• Post Reply Bookmark Topic Watch Topic
  • New Topic

for construct when using an iterator  RSS feed

 
Mohammed Azeem
Ranch Hand
Posts: 56
3
  • Mark post as helpful
  • send pies
  • Quote
  • Report post to moderator
Hello,

I am studying the Java Collections Framework. There's a snippet of code for which I need clarification, otherwise it will dwell in my mind and I won't be able to move on!

I understand the code and its purpose but can't decide how the for - construct should be "read out aloud" in words.

Here's the snippet:

static void filter(Collection<?> c) {
for (Iterator<?> it = c.iterator(); it.hasNext(); )
if (!cond(it.next()))
it.remove();
}

for (Iterator it<?> it = c.iterator(); it.hasNext();) ---> how should this line be read in words, it doesn't fit the syntax of a for-loop or a for-each loop.


As always, all help much appreciated.

Mohammed.
 
Junilu Lacar
Sheriff
Posts: 11165
160
Android Debian Eclipse IDE IntelliJ IDE Java Linux Mac Spring Ubuntu
  • Mark post as helpful
  • send pies
  • Quote
  • Report post to moderator
Yeah, this one is a little tricky. I would ignore the "for" part and read it out loud as "While the iterator for collection c has another element, do the following: ... "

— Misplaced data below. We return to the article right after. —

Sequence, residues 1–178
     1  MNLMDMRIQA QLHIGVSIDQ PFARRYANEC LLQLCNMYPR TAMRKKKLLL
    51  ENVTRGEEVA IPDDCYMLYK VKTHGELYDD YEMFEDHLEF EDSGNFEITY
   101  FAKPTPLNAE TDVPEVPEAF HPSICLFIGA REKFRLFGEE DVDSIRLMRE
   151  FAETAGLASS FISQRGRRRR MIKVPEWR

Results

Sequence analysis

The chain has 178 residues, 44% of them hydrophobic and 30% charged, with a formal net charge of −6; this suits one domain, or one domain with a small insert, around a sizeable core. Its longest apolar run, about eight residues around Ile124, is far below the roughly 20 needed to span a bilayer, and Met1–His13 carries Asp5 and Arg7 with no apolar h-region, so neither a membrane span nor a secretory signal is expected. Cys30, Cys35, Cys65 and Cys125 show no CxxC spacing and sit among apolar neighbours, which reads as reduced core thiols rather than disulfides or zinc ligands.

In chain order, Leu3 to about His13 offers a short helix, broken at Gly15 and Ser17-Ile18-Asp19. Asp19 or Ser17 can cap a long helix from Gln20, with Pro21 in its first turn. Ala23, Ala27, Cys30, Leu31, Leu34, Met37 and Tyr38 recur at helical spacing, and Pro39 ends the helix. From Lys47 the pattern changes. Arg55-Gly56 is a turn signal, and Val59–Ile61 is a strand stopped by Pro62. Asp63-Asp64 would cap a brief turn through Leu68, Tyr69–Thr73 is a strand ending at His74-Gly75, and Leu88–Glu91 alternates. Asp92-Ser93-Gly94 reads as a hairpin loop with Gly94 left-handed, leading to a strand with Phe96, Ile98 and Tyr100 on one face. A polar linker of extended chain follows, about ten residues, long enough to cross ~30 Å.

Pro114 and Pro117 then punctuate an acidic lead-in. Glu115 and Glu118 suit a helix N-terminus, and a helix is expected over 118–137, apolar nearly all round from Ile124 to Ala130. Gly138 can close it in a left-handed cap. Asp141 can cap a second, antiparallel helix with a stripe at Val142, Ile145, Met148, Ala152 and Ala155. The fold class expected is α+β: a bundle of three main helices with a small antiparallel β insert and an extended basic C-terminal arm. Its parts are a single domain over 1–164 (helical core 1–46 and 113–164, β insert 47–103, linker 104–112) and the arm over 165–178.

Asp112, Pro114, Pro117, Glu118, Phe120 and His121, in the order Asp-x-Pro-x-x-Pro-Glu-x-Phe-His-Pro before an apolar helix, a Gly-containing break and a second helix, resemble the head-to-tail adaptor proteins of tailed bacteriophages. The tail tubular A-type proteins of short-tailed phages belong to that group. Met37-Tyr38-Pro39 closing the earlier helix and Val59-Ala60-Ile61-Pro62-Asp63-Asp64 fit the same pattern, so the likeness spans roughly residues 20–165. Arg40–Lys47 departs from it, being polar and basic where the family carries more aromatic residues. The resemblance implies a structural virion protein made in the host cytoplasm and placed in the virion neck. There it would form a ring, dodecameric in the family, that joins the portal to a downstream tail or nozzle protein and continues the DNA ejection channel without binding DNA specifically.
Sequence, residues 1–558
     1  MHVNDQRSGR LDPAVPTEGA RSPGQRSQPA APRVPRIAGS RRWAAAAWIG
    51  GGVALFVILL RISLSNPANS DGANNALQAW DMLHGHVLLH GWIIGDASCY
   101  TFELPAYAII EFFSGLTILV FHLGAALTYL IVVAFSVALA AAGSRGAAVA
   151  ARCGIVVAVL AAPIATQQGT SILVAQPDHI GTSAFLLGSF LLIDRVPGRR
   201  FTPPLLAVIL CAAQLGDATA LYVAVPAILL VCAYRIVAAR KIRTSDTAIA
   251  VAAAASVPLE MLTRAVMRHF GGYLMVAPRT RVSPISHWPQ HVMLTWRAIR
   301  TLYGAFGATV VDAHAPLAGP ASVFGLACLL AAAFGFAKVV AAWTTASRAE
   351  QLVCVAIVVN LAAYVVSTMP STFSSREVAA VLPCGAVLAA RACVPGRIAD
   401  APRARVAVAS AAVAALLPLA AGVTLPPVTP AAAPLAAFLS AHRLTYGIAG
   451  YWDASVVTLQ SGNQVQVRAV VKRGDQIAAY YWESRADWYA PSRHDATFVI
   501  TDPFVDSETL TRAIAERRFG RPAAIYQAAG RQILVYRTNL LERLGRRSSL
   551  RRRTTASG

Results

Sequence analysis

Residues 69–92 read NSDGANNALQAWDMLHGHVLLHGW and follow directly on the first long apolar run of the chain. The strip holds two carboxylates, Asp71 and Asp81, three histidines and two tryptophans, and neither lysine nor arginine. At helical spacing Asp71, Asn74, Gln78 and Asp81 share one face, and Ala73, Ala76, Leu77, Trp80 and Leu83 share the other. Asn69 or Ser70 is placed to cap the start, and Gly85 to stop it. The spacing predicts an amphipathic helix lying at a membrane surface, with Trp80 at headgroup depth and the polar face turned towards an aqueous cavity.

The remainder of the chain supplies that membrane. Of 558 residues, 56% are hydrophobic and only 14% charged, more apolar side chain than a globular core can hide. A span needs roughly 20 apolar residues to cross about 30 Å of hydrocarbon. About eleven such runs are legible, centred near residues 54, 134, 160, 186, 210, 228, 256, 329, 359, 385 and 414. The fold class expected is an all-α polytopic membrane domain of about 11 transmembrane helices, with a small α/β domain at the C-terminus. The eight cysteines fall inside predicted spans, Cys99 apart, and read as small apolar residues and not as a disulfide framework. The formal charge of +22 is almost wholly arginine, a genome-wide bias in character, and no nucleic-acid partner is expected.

BTW, reading code out loud is an EXCELLENT way to understand a program better -- it's a strategy that I often recommend.
 
Junilu Lacar
Sheriff
Posts: 11165
160
Android Debian Eclipse IDE IntelliJ IDE Java Linux Mac Spring Ubuntu
  • Mark post as helpful
  • send pies
  • Quote
  • Report post to moderator
A couple of things: please UseCodeTags (← click that link) when you post code.

The implementation you showed is not a very good one. See the API documentation for Iterator.remove() for a couple of potential issues. The other thing too is that the cond() method is external to this method.

The Java 8 Stream.filter and Predicate functional interface provide a better way to implement a filter. The filter condition is passed in to the filter method which returns anything that meets the filter condition.
 
Mohammed Azeem
Ranch Hand
Posts: 56
3
  • Mark post as helpful
  • send pies
  • Quote
  • Report post to moderator
Thanks Junilu, it makes sense to think of it as a "while".

Great. I think I can mark this as solved.


 
Mohammed Azeem
Ranch Hand
Posts: 56
3
  • Mark post as helpful
  • send pies
  • Quote
  • Report post to moderator
And yes, cond() would be a user defined method that would test the element returned by it.next() against some filtering condition.

OK now I can move on. Thanks for pointing out the alternatives.


 
  • Post Reply Bookmark Topic Watch Topic
  • New Topic
Boost this thread!